Addiction, Acceptance, Approval

 

Below is a poem about addiction. I know there are many many angles to view addiction from, but I’m coming from my own experience: a relative of someone I love who suffers from addiction.

 

My older brother has dealt with addiction all the years that I have known him (he’s much older than me).

 

I would remember the disappointment each phone call would bring when he would ring at two, three, five in the morning slurring his words; terrifying car accidents and police statements, always coming just when we had finally let out our breaths and trusted that he had really made a change.

 

Recently this year he hit rock bottom: sunk the lowest any person can sink and still manage to survive.

 

I can’t describe the pained look on my father’s face; the worry on my mother’s. And me, secretly, being the one he liked to call when he was intoxicated, feeling torn completely between anger and unconditional love. 

 

Here’s the thing about unconditional love that makes it so hard for people to buy into it: we all think that we have to accept and approve everything about that person, and we are just not wired to do that. But unconditional love means separating between the acceptance and the approval and finding an area where we can see someone’s faults-maybe even have disappointment-and still not let them interfere in any way of our acceptance and love for them.

 

I wrote this poem as I was trying to sort out these ideas and find out where the place in my heart for my brother was. I learned that- honestly- it’s harder, always, for the one who is causing pain to themselves and those they love. Moreover, if we were in that person’s situation, we would not be able to expect any better from ourselves.

 

With this idea, I like to think that I’ve come to help my brother more than when I covered up my hurt and anger. Now I’m able to admit his faults but also believe in his potential for a healthier future. Confidence and support have a much more positive effect than any rebuke ever could, and I’m privileged to be his sister if only for learning that.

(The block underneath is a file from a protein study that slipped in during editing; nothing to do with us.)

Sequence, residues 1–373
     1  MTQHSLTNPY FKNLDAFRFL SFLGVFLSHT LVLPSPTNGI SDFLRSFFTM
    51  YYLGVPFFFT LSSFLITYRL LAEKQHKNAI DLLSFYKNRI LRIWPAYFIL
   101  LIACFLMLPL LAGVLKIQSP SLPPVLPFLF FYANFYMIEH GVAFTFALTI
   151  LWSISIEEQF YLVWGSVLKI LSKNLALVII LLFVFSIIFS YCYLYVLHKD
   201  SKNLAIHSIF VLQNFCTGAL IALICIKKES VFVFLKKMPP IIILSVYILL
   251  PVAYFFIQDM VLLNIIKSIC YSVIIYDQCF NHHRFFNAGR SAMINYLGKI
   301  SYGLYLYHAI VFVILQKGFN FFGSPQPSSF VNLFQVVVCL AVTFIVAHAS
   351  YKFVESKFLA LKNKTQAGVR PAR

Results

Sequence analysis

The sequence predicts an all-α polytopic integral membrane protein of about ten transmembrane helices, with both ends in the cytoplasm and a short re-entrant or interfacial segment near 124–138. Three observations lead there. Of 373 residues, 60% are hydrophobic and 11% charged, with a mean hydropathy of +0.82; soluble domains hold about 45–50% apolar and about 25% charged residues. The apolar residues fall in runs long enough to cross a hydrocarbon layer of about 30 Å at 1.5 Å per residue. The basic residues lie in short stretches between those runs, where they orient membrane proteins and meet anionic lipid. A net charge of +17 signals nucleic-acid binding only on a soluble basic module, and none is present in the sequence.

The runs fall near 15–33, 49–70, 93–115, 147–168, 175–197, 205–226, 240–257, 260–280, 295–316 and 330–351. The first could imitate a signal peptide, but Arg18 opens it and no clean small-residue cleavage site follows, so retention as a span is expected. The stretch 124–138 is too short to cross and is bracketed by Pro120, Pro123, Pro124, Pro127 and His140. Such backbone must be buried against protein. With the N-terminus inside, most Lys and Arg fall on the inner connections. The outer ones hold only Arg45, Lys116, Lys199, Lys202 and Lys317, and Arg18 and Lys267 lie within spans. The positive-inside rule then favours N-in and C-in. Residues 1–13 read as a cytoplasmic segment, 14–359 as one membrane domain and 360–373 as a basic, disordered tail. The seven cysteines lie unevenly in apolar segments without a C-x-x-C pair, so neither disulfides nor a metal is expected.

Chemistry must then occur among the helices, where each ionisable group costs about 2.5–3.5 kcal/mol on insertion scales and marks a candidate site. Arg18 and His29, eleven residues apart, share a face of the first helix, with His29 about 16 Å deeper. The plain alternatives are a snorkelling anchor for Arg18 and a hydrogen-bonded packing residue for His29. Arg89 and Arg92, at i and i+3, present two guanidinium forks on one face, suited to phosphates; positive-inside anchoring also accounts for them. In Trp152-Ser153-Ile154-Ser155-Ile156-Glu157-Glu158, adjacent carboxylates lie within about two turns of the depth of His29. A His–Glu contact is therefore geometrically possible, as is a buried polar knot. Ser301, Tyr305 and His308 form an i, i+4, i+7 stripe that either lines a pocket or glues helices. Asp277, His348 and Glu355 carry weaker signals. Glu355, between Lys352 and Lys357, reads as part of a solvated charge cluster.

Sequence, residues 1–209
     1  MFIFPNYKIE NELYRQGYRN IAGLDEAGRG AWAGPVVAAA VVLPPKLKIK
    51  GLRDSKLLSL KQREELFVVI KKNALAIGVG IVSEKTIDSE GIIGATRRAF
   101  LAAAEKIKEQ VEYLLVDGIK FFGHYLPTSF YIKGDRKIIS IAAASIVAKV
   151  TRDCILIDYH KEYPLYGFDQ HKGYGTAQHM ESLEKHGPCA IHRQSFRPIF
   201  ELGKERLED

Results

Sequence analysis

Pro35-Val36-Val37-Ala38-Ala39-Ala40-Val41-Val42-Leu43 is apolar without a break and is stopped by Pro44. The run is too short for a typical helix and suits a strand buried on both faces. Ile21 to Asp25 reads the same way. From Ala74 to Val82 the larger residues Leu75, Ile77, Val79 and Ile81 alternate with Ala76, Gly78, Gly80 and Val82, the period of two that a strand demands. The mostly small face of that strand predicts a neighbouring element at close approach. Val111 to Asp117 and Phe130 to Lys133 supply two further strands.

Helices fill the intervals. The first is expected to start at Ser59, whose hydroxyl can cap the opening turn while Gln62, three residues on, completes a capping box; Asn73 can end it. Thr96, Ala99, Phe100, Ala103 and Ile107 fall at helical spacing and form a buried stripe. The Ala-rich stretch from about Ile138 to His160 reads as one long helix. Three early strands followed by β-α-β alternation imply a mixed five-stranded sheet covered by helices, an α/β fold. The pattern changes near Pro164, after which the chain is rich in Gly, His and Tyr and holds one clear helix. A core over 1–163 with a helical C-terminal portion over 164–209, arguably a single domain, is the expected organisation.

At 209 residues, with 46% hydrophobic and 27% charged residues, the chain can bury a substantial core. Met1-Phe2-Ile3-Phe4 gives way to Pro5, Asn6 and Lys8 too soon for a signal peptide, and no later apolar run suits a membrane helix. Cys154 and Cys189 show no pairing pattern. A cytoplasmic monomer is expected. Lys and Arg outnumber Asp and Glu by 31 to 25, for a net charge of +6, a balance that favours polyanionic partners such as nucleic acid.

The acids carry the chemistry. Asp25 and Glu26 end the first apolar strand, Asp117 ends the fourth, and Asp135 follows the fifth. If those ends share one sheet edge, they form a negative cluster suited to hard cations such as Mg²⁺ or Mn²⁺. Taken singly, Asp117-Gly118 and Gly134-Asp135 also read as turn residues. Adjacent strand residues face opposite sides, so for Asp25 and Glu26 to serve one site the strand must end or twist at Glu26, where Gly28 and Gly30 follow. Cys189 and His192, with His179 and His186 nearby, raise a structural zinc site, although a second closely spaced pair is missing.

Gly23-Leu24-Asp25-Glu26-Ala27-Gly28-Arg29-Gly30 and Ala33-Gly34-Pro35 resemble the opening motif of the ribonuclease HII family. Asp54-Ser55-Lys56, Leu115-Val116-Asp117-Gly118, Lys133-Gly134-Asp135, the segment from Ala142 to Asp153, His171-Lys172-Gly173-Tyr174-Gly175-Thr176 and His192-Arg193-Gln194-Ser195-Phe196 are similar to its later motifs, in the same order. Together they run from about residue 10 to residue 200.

The Poem:

I know when I hear that phone ring

That your second, third, fourth chance

Has expired

I know it’s hard for us to hear

Harder for you to bear the burden

I wish I didn’t know

And pray to G-d each day

That tomorrow you should wake up healed

Don’t give me that talk; I know it’s all lies

Don’t give me that look; I can’t bear your eyes

Reminding me

The hell you’re putting us through

Is the hell you live in every day

You haven’t earned it any more

Than fate

And the guilt

If it’s eating at me

It must have swallowed you raw

If you look at me one more time

Maybe I’ll lie too

Say it was me

You spin in circles, pulling yourself down

Dragging us with you for a minute

Until we step off the ride

I know it’s not as easy for you

If I stay on

I bear the risk of no return

But offer you the company

Please come off

If I could do it for you

Take your place

Maybe I’d consider

Don’t tell me you would do the same; I don’t want to know

I just want to know there’s some other way

Rifke Anolik

Rifke Anolik

Rifke Anolik is from Highland Park, NJ. She is currently spending the year learning in Israel and loving it!
Rifke Anolik

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